A fire chief today accused the Fire Brigades Union of "placing the public at risk" by pressing ahead with a planned 24 hour strike.
South Yorkshire's chief fire officer Mark Smitherman said he reacted with "absolute astonishment" when the FBU rejected his offer of negotiation and decided to press ahead with the actions planned to begin at 6pm today.
The stoppage will be the second in South Yorkshire this week and is the latest stage in a long running dispute between the FBU and the South Yorkshire Fire Authority over proposed changes to shift patterns.
Speaking at his Sheffield HQ, Mr Smitherman said he had put a fresh offer to negotiate to the union yesterday which had been rejected.
The fire chief said: "My reaction to the rejection by the Fire Brigades Union of the proposals put forward by the authority yesterday is absolute astonishment.
"I'm amazed the Fire Brigades Union can still continue to refuse to get involved in negotiations.
"As far as I can work out, the authority is meeting all of their requirements regarding the most recent press releases and statements they have made in the media."
The dispute erupted over proposals to implement a 12-hour shift pattern, instead of the current pattern of nine-hour days and 15-hour nights.
Firefighters have argued new shift patterns would present families with problems, especially over childcare arrangements.
The FBU has continually said it will not call off the action unless a threat to sack 744 firefighters as a means of imposing new contracts was withdrawn.
Mr Smitherman reiterated his view that his changes would not affect anyone's pay and all jobs and current levels of fire cover would be maintained.
He also said the firefighters working pattern of two day shifts, two night shifts and then four days off left ample time for family life.
Mr Smitherman went on: "Their (the FBU) actions at the moment are placing the public at risk unnecessarily because there is an option for them to enter into negotiations".
He also said he was "perplexed" as to why the union was taking this stance in the South Yorkshire service.
He said: "At least four others have introduced identical changes and a couple have introduced vastly different and more complex changes to the shift system pattern to what we are proposing here and all of that has been done with the agreement of the FBU."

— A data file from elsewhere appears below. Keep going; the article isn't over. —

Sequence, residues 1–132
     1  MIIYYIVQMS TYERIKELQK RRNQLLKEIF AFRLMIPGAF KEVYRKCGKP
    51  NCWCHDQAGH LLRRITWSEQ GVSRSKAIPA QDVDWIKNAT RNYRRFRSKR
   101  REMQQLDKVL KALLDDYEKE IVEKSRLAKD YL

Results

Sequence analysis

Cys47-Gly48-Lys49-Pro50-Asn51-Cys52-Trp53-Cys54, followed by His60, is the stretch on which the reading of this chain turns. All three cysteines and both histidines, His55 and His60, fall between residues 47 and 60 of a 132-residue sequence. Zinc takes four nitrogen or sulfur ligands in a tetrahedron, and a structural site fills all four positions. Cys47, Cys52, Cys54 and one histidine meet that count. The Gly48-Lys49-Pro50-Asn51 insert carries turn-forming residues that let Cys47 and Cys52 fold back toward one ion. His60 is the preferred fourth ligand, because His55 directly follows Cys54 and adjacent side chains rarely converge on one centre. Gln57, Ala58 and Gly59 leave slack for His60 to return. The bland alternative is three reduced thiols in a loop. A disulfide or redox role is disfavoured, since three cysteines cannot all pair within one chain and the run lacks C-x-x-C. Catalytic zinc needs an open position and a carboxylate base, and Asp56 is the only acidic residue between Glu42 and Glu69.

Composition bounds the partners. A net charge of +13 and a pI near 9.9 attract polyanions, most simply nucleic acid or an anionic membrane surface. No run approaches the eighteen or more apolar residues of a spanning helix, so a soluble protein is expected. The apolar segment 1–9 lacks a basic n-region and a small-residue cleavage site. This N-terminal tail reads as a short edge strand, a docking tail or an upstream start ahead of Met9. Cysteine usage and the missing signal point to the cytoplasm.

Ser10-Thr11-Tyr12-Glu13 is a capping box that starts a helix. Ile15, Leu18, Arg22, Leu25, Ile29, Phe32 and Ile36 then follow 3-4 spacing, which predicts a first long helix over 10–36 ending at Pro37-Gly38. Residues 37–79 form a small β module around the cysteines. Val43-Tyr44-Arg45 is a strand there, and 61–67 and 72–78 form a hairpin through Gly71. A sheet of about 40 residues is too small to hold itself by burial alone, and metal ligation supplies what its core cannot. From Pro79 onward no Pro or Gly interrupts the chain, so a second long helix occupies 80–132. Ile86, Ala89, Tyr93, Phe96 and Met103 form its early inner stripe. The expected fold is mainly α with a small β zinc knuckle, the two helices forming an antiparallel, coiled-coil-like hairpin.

Mr Smitherman and his assistant chief Jamie Courtney went through their contingency plans for tonight, which will involve 183 staff including senior managers and firefighters who are not in the union.
Asked about what happened during the last 24-hour strike, which started at 6pm on Monday, they said the call-out rate was about normal.
Mr Courtney said appliances were called to two incident which were initially classified as life-threatening but both turned out to be less serious.
He said one was a fire in a bin store at a block of flats which had left a stairwell smoke-logged and the other was a smell of burning at someone's home.
The officer said the biggest incident was a blaze involving titanium at an industrial unit in the Rotherham area which required two crews.
Mr Smitherman said he was concerned about the activities of some of the pickets, especially outside the main Sheffield central fire station.
He said many of those outside the building were not South Yorkshire firefighters and added: "In relation to some of the behaviour I saw, I sincerely hope that those people were not members of the British fire service because there was certainly some activity in isolated pockets where it was obviously designed to intimidate the working members of staff."
The fire chiefs were speaking just a short distance from Sheffield 's main bus station, which was quiet as drivers working for the firm First began the first of two 24-hour strikes in a row over disciplinary action.
Steve Clark, Unite regional industrial organiser, said: "Sheffield has outstanding collective grievances that still need to be resolved, like the company's attitude to disciplinary action."
Strikes were originally set to go ahead in Rotherham, Doncaster and Sheffield over pay but unions accepted an 11th hour offer.
A spokesman for the FBU said the latest offer was simply a "rehash" of what had been previously rejected and Mr Smitherman's claim of "astonishment" at the rejection was "false posturing, nothing more than a PR pose".
He added: "Those putting the public at risk is a fire authority threatening to sack all its firefighters so they can rip up their contracts of employment.
"If it withdrew that threat there would not be a strike tonight.
"The fire authority has been hell-bent on confrontation. It has rejected all suggestions from the FBU and from local MPs about how to resolve the dispute. It has rejected every attempt at compromise the union has put forward."